We see that the egoic life basically does not respect the autopoietic nature of the soul; it tends to make the open, living system that is the soul in a closed and isolated one, more like a machine. The difference between the egoic and the essential life is not absolute, for the soul cannot become completely a machine. She is inherently an open and dynamic system, and hence rigid ego structuring only limits this openness and constrains her dynamism; it cannot completely eliminate them (559)
This is a little off from the biological Autopoietic theory, but it is very useful. Autopoiesis is not only “open” but it is also “closed”. The theory speaks of autopoietic systems as being “organizationally closed”, but “structurally open”. As long as the changes do not (radically) change the organization of the system it remains autopoietic and in that way “closed”. What Almaas is describing is the structural closure of the system, in a way, that which could starve it. The calcifications of the ego would close off it’s dynamic of exchange. It would begin to suffer entropy at a rapid rate.
While early fears of misuse of the Internet centered around small-time theft and the ensnaring of minors into inappropriate or dangerous activities, recent years—particularly since 2016—have demonstrated the profound political capacities of the Internet to manipulate popular opinion and influence critical outcomes in the world. The power of “fake news,” so-called deep fakes, and systematic disinformation campaigns is now being studied more actively, and, for once, insights from neuroscience have been a significant part of that debate and analysis.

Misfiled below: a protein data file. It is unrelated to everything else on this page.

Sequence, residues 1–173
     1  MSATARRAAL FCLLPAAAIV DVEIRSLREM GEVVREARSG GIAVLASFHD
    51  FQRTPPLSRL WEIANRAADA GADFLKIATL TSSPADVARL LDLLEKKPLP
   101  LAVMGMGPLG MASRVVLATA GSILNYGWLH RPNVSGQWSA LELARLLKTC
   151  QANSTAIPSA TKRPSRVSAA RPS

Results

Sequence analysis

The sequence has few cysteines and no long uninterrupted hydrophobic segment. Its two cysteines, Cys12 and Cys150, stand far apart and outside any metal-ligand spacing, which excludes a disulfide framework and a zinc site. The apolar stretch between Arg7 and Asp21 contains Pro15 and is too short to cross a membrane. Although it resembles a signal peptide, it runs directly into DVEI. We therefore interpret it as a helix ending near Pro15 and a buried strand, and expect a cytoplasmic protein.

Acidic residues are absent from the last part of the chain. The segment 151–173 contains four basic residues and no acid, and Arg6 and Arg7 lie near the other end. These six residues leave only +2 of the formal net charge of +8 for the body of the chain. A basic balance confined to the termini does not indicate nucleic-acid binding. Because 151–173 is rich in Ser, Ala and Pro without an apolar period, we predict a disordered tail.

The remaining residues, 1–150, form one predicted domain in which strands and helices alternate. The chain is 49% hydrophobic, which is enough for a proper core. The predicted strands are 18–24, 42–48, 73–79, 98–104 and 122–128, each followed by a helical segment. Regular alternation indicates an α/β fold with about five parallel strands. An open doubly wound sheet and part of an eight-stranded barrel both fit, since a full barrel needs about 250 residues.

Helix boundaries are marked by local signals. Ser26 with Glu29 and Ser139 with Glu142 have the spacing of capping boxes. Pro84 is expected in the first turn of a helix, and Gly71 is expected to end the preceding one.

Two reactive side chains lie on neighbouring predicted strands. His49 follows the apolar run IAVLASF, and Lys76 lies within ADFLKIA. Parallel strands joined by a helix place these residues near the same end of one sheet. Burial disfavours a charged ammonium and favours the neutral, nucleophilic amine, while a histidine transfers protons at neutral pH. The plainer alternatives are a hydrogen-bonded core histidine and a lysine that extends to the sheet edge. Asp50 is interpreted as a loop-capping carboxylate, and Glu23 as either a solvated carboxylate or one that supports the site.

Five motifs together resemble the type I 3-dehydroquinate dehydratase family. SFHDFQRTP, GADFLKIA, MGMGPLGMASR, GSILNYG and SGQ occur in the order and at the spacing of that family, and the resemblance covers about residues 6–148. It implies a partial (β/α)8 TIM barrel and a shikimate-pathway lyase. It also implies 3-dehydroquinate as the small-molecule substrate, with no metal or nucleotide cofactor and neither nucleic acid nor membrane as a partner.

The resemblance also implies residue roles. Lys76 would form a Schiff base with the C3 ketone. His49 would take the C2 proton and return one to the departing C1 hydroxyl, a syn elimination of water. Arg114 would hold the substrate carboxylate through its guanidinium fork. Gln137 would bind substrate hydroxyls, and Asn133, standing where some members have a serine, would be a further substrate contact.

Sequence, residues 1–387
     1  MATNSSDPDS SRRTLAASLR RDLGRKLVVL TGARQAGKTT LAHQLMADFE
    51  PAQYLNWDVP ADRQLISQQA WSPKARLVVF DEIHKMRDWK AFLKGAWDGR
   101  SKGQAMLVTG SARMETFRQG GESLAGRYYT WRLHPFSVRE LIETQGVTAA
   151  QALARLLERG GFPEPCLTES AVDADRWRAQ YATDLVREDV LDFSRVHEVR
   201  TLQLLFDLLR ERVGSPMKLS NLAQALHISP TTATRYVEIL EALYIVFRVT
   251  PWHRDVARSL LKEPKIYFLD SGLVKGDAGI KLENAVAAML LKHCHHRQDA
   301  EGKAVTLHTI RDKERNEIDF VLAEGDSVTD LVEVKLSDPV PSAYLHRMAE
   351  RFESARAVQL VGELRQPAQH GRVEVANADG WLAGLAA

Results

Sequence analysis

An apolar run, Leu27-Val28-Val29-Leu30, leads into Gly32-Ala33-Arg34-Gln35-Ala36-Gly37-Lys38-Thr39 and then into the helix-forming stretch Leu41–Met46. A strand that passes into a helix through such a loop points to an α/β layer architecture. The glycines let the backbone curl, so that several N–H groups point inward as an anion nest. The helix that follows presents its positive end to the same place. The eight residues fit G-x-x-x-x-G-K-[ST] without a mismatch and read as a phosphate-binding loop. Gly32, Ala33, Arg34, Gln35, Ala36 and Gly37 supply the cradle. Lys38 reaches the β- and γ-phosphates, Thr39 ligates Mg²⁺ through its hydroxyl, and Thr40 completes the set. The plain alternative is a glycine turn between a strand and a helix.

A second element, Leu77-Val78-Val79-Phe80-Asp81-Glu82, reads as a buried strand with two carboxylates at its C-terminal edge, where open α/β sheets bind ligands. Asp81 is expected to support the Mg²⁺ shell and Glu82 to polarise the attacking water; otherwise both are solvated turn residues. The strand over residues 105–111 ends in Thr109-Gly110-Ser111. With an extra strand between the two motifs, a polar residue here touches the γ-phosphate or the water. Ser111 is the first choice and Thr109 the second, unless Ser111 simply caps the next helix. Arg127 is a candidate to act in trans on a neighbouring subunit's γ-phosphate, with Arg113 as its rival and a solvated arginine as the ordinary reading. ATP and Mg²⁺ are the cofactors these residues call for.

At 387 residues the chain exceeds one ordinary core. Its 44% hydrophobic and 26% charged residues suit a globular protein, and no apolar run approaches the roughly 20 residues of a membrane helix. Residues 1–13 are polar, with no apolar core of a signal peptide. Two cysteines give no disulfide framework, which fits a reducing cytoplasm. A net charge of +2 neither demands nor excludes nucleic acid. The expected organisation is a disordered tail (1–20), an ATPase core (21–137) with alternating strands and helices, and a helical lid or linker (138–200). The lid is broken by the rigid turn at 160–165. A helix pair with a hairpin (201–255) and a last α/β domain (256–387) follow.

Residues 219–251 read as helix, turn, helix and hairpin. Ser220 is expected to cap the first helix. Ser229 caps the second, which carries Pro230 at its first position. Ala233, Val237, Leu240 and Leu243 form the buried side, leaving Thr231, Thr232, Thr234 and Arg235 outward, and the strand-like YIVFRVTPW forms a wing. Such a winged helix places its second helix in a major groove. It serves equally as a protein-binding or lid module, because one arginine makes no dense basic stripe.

Given that Deleuze and Guattari came to prominence after May 1968, many readers attempt to determine the political significance of their work. The difficulty that some encounter finding its political implications contrasts with Deleuze and Guattari’s commitment to radical causes. In response, Patton and Thoburn elaborate on the Marxist elements in the pair’s oeuvre, a line of analysis I continue. Focusing on A Thousand Plateaus, I discuss their references to the theorisation of the ‘dependency theorists’, a group of Marxist-inspired scholars who became influential during the 1960s. Does their engagement with dependency theory provide the basis for a political project?